4. There will be some back and forth on figuring out the date and time and whether the room is available which is why you are also communicating with Rati at this point so that she can let you know whether or not you can reserve a room. Your main consideration here is to stick to the weeks you wanted and not allow anyone to push up your date too much. Our professors are very busy, sure, but they don’t operate in the same universe and don’t always consider that you’d like to stick to your deadlines and stay on track. Therefore, you have to be your own advocate. Once you have the date down, email your committee with the final date/time/room and note that you will be sending each of them separate emails with the first draft of their respective lists.
5. Email each professor with the first draft of each of your lists that should have at least a couple of subsections and 10-15 sources overall. Make sure to be very specific about your final number of titles. If you want 20 (I had 22 on each list and it was plenty), tell them that so that they keep that number in mind when making changes or suggestion new titles. Make sure you tell them this is a rough draft and that you are continuously working on the lists. Ask them to meet with you to go over the list, it is good to meet before the orals, trust me. You don’t need to meet more than once, unless they are around and don’t mind doing that.
Generally, as with everything, you should indicate to them that you are a highly functional person who works independently and appreciates their advice but has their stuff together, thank you very much. Assert yourself as the scholar that you are, rather than as a student constantly asking for advice. At this point, some professors will want to add a lot more to your list and others will not like some of your sections and yet others will ask you to cut important (to you) sections. This is all normal and part of the process. You must stay flexible.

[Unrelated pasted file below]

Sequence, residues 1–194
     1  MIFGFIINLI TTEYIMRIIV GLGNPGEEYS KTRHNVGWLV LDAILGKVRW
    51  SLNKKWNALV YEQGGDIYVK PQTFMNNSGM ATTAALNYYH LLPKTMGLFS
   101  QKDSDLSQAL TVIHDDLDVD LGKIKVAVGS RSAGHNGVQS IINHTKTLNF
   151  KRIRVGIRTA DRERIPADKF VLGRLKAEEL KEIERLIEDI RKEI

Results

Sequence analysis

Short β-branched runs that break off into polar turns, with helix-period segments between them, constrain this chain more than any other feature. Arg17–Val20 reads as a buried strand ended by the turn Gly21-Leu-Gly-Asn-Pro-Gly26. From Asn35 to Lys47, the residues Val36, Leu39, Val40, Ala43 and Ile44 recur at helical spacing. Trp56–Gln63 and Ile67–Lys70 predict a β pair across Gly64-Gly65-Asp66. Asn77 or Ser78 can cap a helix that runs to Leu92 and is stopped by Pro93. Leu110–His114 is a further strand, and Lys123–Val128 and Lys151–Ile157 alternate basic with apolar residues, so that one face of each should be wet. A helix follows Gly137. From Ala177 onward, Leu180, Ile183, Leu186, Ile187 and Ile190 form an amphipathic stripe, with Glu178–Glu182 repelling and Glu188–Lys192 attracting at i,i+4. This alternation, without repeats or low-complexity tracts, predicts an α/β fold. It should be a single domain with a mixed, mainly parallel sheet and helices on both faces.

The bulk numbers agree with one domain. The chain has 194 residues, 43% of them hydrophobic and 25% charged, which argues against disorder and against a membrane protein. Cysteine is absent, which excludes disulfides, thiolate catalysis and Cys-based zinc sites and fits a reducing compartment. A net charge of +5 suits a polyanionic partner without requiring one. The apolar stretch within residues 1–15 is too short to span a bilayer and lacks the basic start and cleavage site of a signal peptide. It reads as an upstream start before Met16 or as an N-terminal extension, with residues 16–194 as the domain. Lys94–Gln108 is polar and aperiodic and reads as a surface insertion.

6. So what should actually go on you orals lists? How do you begin making subsections? What about the dreaded questions? Don’t worry; by looking at other students’ lists, you will already have an idea. Then, put what you consider to be the absolute classics for that subsections and the best titles you’ve seen recently in that subfield. I think, in general, it’s good to have something that references the classics, the contemporary and the theoretical/methodological in each section. It’s also important to figure out the order of your sections and then make sure your texts don’t overlap even if they may be relevant to more than one section. Let me give you an example using my three sections: Sex & Gender, Sexualities and Race & Ethnicity. The first two sections appear to be more related (because race gets overlooked a lot when it comes to sex, gender and sexuality studies) so I kept them next to one another within the order. Because sociology belatedly (when compared to other fields like women’s studies or anthropology) addressed sex and gender and THEN sexuality, Sex & Gender was the first section that I would discuss during my orals. Then went Sexualities and then Race & Ethnicity. There were parallels that ran throughout all my sections and it’s good to consider these because in the beginning of you orals, you’ll be asked to briefly (3-5 minutes) introduce yourself, your lists and why you chose what you chose.
The other important consideration is that some of your titles will come from outside sociology because sociology’s take on things may be, shall we say, not up to date. Prepare to have a considerable chunk of your titles be sociological and to defend other key texts as they relate to your section. Sometimes, this will not be an issue to your professors at all and other times they’ll like it to be kept within discipline. On that note, remember that even if YOU know how to structure your orals in the most comprehensive and up-to-date way possible, that doesn’t matter as much as what your professors believe because they are the ones that are going to pass you and you need to please them, period. Still, you can fight for certain pieces you find essential but if, say, your professor does not like the work of the authors that you want to include, it’s probably best to cut, especially if their reasons are personal and that sort of beef goes back to before your birth. Finally, based on feedback, your lists will change but they will also change once you begin to read over some of your texts in more detail. That’s okay too. The only sad thing is how much money it may cost to keep buying books. I remember spending around $200-$300 on books for my orals and many of those did not make the cut. Eventually, my lists went through a third version and that was the final version.